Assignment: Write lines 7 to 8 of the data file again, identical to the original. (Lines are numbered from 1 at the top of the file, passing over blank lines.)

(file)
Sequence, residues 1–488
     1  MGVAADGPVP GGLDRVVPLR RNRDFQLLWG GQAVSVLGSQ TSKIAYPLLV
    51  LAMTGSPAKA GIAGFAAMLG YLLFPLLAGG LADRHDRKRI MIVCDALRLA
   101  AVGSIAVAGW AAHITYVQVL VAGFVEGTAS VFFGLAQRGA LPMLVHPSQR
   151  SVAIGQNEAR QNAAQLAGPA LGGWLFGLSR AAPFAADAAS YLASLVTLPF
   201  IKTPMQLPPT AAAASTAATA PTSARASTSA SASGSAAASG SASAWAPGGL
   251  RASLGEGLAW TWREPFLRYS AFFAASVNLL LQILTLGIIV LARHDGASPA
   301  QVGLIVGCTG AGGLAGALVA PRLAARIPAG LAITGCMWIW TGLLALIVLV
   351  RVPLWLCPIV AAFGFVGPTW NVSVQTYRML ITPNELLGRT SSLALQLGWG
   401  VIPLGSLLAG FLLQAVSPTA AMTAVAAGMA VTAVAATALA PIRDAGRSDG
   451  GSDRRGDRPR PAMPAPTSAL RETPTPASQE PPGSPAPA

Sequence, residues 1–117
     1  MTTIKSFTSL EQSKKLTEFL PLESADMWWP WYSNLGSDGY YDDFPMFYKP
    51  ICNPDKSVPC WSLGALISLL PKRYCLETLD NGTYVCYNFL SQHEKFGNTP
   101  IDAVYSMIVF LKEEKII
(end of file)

   251  RASLGEGLAW TWREPFLRYS AFFAASVNLL LQILTLGIIV LARHDGASPA
   301  QVGLIVGCTG AGGLAGALVA PRLAARIPAG LAITGCMWIW TGLLALIVLV